Facebook's policies how content is really removed

Facebook's policies – how much content's being removed and how it's happening 

Bottom Line: There are no shortage of controversies circling around Facebook currently. The most recent is the revelation that at least 3 million users did have information being mined in a potentially compromising way by another quiz app (one of the 200 apps it suspended earlier this week). But one of the long-standing controversies has been about how content is suspended, removed or blocked. Many claim there's a potential political bias in that process as well. That's unclear but we know how much content is being taken down and how it's happening – this after YouTube recently released similar information upping the pressure on Facebook to disclose. Here are some of the key takeaways from the first quarter of 2018... 

  • 583 million fake accounts were disabled (avg. 19,400 per day!) 

  • 837 million pieces of spam removed 

  • 21 million pieces of nudity removed 

  • 3.5 million pieces of graphic violence removed 

  • 2.5 million pieces of "hate speech" removed 

The biggest surprise is the prevalence of the fake accounts. You've probably come across spammers and questionable fan requests but it's likely far more pervasive than you might've imagined. The odds are that you very rarely do come across fake material however. Just under 1 in 1000 posts on Facebook are fake/spam.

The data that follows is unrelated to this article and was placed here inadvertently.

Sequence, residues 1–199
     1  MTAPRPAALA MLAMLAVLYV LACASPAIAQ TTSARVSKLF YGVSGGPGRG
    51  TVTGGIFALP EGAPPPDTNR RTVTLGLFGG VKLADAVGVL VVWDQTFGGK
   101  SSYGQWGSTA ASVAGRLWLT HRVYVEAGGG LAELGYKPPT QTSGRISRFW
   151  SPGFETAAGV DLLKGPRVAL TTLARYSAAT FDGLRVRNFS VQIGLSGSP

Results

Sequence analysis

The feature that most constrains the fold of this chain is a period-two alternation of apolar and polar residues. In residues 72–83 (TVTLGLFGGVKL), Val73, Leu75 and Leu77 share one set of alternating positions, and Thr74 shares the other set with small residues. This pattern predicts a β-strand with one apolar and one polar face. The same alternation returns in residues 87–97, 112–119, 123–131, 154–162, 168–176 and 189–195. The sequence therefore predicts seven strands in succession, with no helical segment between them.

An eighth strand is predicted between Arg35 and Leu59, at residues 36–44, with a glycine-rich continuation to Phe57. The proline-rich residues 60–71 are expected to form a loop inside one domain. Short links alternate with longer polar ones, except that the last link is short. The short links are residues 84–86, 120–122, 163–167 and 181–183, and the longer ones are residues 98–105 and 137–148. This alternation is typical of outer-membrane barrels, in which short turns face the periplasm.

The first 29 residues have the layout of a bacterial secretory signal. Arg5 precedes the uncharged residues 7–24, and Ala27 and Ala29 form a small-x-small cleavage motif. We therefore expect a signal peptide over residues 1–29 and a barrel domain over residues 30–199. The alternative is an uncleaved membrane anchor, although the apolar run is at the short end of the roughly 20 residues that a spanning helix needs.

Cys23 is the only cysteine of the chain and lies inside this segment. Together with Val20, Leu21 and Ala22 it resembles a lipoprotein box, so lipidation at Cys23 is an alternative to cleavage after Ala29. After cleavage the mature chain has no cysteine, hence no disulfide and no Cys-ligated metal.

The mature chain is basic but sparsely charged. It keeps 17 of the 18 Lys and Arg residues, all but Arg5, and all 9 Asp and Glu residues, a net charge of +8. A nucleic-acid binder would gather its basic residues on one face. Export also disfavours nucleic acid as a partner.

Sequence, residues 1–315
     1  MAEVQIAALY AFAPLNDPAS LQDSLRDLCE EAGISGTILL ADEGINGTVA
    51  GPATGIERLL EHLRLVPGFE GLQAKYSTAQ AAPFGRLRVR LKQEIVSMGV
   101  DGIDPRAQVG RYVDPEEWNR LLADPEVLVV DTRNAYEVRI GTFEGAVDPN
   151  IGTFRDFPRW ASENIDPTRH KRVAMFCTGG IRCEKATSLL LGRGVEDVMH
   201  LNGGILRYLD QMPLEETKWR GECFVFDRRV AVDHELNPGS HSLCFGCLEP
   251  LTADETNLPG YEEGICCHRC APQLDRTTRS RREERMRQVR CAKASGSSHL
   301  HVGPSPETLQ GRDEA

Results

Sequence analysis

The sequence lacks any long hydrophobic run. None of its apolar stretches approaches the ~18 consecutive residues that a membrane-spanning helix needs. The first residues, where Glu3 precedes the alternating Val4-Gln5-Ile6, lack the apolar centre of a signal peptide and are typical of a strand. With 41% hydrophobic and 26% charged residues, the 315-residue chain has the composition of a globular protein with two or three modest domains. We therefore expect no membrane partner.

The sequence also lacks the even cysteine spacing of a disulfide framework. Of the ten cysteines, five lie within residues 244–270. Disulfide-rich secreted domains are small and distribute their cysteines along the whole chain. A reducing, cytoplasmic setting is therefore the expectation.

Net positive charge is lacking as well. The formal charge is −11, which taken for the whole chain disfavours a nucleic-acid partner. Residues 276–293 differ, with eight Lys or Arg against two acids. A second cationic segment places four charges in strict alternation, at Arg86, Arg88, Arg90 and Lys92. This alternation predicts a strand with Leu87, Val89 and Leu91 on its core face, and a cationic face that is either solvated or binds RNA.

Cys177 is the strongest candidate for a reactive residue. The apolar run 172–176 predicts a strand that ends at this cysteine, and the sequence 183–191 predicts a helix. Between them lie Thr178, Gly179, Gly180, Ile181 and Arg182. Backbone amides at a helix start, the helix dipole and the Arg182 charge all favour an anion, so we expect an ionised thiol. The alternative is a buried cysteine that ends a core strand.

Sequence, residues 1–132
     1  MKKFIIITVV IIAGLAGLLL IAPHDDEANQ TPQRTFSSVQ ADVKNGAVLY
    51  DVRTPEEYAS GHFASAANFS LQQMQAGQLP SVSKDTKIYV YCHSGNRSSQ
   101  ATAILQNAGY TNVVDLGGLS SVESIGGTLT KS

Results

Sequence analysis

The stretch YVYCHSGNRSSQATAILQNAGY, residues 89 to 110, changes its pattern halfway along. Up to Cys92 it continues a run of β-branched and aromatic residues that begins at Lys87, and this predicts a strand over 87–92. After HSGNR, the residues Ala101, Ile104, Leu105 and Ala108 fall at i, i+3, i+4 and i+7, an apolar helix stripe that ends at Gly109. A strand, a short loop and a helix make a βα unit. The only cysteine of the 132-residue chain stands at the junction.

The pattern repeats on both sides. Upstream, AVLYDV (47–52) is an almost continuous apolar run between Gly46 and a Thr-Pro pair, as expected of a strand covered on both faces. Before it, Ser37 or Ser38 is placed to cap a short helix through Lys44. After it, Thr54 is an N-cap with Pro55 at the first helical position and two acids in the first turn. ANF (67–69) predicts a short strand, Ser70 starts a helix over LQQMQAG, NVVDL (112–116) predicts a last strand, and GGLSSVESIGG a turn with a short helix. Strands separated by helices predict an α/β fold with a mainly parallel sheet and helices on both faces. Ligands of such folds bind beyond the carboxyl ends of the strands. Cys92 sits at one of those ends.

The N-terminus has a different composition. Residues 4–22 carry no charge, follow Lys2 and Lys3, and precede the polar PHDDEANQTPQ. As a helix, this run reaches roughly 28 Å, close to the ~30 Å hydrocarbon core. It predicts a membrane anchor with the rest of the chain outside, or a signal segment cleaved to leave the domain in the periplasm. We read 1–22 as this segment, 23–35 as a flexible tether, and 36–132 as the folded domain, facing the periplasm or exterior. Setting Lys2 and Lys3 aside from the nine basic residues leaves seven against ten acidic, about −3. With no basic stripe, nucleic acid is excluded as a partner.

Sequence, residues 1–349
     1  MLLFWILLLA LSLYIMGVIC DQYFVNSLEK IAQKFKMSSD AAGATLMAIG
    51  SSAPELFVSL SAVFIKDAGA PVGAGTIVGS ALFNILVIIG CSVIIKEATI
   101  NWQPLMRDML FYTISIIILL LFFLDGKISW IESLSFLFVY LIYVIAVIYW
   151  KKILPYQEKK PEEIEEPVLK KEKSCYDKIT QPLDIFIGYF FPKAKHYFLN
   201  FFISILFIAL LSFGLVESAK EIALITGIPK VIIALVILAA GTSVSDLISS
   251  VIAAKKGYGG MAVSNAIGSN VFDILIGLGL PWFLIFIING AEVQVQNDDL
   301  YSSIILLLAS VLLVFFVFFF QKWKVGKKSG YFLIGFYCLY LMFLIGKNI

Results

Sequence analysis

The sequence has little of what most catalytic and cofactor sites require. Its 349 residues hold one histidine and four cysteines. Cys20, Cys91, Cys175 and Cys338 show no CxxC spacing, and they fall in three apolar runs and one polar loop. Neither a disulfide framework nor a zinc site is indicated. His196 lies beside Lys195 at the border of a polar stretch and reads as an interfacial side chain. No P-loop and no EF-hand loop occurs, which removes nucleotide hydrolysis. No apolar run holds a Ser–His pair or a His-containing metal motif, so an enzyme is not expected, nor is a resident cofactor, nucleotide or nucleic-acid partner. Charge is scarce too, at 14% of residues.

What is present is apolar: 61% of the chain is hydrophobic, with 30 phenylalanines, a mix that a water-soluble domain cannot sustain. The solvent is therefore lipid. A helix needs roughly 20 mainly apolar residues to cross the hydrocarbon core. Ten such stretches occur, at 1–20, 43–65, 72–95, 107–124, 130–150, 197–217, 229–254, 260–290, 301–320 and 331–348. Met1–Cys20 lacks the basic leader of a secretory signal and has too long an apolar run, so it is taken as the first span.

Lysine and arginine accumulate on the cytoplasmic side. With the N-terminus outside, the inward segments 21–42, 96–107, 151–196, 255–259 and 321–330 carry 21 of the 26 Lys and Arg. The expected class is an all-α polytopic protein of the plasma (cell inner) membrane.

We also received insight into how material is reviewed and removed. Generally, it's Facebook's technology that's doing it, but it depends. Here's the percentage of material removed automatically via Facebook's automated technology... 

  • 96% of all nudity  

  • 86% of violence 

  • 38% of "hate speech" 

So, for example, if you're concerned about bias/subjective interpretation of what "hate speech" is, with inconsistent results...you might well be right to question what's going on. Most of it is removed by a person which would be subjective to their interpretation based on Facebook's policy. Also of note, Facebook said that world-wide government requests for user data was up 4% year over year but it was flat in the US. 

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